Skip to main content

I am thinking about Rachel’s passing a year ago, along with many of you. I continue to mourn the tremendous loss to her family and to tens of thousands of fellow pilgrims who looked to Rachel as a beacon of hope (to use the tired but so apt phrase) for moving onward in faith while embracing the struggles that seem inevitable for those who take the faith, and the Bible to which this faith is anchored, seriously.

When I first met Rachel—in the summer of 2010 at a science and faith conference—I only knew her as a blogger. Her first book, Faith Unraveled (known back then by its way cooler title Evolving in Monkey Town) had just recently come out. Rachel “seemed really nice” and with a self-evident spark of curiosity, but I was clueless about what a force of nature she would soon be.

Rachel would wind up meaning so much to so many, and if I had to name the reason why, it would be this: the way that Rachel spoke of God. 

The God she was pursuing (though now no longer needing to pursue), is the God of liberating hope, uncompromising justice for all, and compassion for us in our struggles and doubts. 

Rachel’s God. That is the heart of her legacy—in her books, her blogging, her speaking, her advocacy for the marginalized, and just being a plain old decent human.

Rachel had a following because she reminded us of the God worth following.

The God Rachel talked about got her into some hot water now and then (you go, girl) with those who see God differently. Some people, it turns out, have a vested interest in the topic, and they went after Rachel as if the universe were in threat of collapsing in on itself. 

Such “feedback” is par for the course, and if you can’t handle conflict, don’t talk about God—and certainly don’t write best-selling books about God. A lasting impression of Rachel for me was how well she handled animosity—which is a lot harder to do than it looks. Few of us are perfect, but how Rachel treated her motivated detractors was consistent with how she talked about God.

Things would have been much easier for Rachel had she had the sense to turn her back completely on her conservative past and go full out “liberal” or “postmodern.” She would have been written off much more effectively, but that wouldn’t have been Rachel. She lived a public life of authentic vulnerability, tracing out for all to see her journey from a conservative Christian past into uncharted territory, and working it out as she went as we all do.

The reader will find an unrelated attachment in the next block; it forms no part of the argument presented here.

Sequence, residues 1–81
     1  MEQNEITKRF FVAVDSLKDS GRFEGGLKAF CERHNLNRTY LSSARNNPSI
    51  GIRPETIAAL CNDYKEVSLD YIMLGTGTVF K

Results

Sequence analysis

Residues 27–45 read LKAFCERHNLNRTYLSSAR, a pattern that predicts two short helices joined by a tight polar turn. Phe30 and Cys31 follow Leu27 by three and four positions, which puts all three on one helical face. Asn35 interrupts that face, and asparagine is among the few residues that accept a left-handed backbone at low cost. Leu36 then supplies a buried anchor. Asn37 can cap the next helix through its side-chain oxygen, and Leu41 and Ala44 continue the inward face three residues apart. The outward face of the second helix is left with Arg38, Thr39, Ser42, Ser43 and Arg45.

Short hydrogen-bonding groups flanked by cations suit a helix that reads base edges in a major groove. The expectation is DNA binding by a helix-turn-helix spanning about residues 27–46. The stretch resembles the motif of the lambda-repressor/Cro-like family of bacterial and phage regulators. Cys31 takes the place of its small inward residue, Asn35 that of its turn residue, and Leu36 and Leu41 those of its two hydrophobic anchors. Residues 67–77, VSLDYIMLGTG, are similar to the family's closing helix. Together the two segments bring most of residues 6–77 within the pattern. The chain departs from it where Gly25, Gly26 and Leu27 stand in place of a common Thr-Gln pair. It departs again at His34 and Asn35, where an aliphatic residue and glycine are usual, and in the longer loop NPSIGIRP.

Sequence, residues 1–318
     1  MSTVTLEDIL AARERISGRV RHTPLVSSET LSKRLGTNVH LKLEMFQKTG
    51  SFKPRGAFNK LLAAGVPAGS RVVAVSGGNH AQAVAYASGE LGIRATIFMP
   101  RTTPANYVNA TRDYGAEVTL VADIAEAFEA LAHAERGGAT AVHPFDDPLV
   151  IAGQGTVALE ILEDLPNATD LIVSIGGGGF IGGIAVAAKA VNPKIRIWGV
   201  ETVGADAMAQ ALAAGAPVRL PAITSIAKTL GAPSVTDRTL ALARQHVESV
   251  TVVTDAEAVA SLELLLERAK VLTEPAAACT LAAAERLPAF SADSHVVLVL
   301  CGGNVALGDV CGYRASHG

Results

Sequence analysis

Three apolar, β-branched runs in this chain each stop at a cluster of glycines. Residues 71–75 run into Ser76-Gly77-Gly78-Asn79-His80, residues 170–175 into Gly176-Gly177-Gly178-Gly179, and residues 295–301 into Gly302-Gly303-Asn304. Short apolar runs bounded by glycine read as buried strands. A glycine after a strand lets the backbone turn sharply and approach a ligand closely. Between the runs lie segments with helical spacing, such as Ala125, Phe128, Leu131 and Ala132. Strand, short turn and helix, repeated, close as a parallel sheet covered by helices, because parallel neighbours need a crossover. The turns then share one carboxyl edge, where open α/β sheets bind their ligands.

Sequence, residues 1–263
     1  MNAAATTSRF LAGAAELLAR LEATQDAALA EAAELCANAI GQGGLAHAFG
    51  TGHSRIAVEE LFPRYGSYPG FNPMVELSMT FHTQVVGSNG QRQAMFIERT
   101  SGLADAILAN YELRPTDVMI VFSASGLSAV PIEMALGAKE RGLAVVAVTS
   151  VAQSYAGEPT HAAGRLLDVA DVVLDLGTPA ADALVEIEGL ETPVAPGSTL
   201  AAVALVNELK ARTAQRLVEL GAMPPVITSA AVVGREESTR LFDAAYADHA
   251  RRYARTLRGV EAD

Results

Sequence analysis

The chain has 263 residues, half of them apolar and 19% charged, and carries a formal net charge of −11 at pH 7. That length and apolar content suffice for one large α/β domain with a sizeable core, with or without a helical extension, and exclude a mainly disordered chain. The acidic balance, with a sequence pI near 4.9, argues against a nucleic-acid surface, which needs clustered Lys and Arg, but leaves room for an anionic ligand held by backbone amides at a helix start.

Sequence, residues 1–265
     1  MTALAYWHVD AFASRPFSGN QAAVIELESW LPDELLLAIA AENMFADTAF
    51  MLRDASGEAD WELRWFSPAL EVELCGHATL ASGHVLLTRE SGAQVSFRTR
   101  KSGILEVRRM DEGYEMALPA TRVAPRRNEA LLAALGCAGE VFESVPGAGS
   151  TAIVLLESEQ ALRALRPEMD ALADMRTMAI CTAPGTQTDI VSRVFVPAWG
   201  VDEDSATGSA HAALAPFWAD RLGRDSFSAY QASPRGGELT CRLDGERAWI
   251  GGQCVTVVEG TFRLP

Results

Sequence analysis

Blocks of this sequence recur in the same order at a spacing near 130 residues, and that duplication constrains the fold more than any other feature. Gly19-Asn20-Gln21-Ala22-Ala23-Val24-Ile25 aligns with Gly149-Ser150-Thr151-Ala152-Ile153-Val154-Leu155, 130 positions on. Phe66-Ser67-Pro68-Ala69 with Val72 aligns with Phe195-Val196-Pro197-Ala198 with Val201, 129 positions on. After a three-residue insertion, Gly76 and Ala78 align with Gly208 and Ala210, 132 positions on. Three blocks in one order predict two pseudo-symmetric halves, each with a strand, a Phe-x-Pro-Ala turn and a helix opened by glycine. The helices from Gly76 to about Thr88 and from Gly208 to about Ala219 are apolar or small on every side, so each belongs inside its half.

Rachel lived publicly and courageously the life that many live privately and despairingly. She was in this sense like a prophet—holding out a sketched-out vision of a better path, where God was already out in front waiting for us rather than scolding us from behind. 

I wonder how many of Rachel’s books were bought by people who wanted—needed—to give them away, those who were wandering and felt lost. I could tell my own stories of young women (two of them my offspring) and many others for whom Rachel was their hero—a true “woman of valor”— who realized after reading her books that they are not broken after all for quietly confessing in their hearts that the faith of their youth was no longer adequate for explaining their adult reality, and that maybe the Creator is more than they had been told to believe. 

And of course, Rachel’s influence extends to pilgrims of all walks and stages of life who desperately need reminding that maybe, just maybe, the Creator of the cosmos was infinitely knowable. Rather than a fizzling out of faith, their doubt is in fact a new beginning along a deeper path. So, along with prophet, Rachel was an apologist.

I mourn what Rachel could have become—I hate typing those words. Her humble influence would have continued through her blogging and her books, the Evolving Faith conference, and who knows what else. Yes. Who knows. This generation has lost its Barbara Brown Taylor or Anne Lamott. What could have been. It’s enough to make one despair of faith. Rachel would have been right there.

Still, Rachel did lasting good in such a short time. I suspect that someone someday will come along and write up a sociological study of some sort on the “phenomenon” of Rachel Held Evans. But as far as I am concerned, there’s no need. Rachel was the right person at the right time—with the right God.

Pete Enns, Ph.D.

Peter Enns (Ph.D., Harvard University) is Abram S. Clemens professor of biblical studies at Eastern University in St. Davids, Pennsylvania. He has written numerous books, including The Bible Tells Me So, The Sin of Certainty, and How the Bible Actually Works. Tweets at @peteenns.